In April of this year, the Mauna Loa Observatory in Hawaii recorded an average concentration of atmospheric carbon dioxide above 410 parts per million (ppm). This was the highest monthly average in recorded history, and in fact according to ice core records it is the highest value in at least 800,000 years.
To be clear, I accept the scientific consensus on the impact of a rising atmospheric carbon dioxide concentration. It is a known greenhouse gas, and the mechanism by which greenhouse gases increase the earth’s temperature is known. While there are uncertainties in the models — and these uncertainties are often used to dispute the underlying science — a constant buildup of greenhouse gases will raise the earth’s temperature.
Part of what is unknown about the effect of greenhouse gases on climate is the impact of feedback loops. These can be both positive and negative.
A warming earth can release methane from permafrost. Methane is a powerful greenhouse gas, and that creates a positive feedback loop.
There are also moderating influences like the oceans, which can absorb a certain amount of carbon dioxide. This means that the temperature increase could be less than what might be expected based simply on the amount of carbon dioxide that was released.
The impact of these feedback loops and moderating influences is one reason climate models can be inaccurate.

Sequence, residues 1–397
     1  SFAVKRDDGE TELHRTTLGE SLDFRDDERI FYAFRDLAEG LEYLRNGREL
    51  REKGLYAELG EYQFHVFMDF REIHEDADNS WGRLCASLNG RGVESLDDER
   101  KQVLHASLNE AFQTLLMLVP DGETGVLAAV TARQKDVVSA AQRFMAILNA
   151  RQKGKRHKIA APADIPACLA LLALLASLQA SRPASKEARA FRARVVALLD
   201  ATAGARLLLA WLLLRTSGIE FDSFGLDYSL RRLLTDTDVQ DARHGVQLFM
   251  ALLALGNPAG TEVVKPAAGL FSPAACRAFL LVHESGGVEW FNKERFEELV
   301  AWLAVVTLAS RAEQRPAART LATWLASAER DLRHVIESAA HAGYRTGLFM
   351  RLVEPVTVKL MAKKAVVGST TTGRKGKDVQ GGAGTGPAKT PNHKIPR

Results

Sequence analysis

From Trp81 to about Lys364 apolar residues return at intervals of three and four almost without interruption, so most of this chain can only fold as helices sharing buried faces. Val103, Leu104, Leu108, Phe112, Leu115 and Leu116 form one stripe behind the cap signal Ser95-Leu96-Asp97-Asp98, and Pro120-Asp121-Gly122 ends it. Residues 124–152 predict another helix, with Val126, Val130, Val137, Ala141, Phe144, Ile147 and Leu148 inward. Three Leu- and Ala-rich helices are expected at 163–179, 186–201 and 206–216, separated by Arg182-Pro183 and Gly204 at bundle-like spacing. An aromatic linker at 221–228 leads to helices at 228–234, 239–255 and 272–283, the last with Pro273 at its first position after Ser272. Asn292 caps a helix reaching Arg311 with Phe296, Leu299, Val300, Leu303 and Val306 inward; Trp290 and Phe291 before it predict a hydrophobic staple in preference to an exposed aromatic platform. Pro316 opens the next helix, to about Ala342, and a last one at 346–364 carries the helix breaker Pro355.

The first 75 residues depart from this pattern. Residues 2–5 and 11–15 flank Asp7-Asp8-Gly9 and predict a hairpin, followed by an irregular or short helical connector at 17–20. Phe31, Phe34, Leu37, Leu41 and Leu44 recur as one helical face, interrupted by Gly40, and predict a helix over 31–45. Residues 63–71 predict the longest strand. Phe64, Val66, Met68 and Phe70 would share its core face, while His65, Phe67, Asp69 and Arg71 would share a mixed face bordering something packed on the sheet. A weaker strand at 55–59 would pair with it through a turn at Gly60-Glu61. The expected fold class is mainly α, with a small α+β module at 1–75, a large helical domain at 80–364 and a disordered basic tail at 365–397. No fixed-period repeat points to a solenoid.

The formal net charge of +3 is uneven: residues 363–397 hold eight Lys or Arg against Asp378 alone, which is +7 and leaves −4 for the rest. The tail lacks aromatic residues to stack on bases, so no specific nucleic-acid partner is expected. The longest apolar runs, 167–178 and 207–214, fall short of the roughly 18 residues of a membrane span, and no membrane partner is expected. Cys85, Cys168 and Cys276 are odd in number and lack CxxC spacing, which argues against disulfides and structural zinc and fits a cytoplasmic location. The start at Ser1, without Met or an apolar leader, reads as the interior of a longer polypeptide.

But even those who don’t accept the science behind climate change should be concerned about this rise, because it continues unabated. At what point might it become a concern? 500 ppm? 1,000? If you look at the rate of steady increases, this curve should concern everyone on the planet because the increase is slowly accelerating over time:
(Click to enlarge)
Full Mauna Loa CO2 record
The worrisome part is that the trend isn’t expected to change anytime soon. Carbon dioxide that is emitted today takes time to accumulate in the atmosphere, and then it remains in the atmosphere for thousands of years.
In any case, there are no signs that what we are emitting is slowing down.
The 2018 BP Statistical Review of World Energy that was released last month showed a new all-time high for global carbon dioxide emissions in 2017, which were 426 million metric tons higher than in 2016. This was 1.6 percent higher than carbon dioxide emissions in 2016, and was higher than the 10-year average growth rate of 1.3 percent.
Since the Kyoto Protocol — the international treaty that commits state parties to reduce greenhouse gas emissions — went into effect in 2005, global carbon dioxide emissions have increased by 19 percent.
The countries responsible for the increase in carbon dioxide concentrations have shifted in recent decades. Developed countries are moving away from coal, and toward cleaner natural gas and renewables. Developing countries — even those that are embracing renewable energy — emit the most carbon dioxide, and their emissions are growing at the fastest rates in the world.
I will delve deeper into regional and country-level contributions and trends in the next article.
By Robert Rapier
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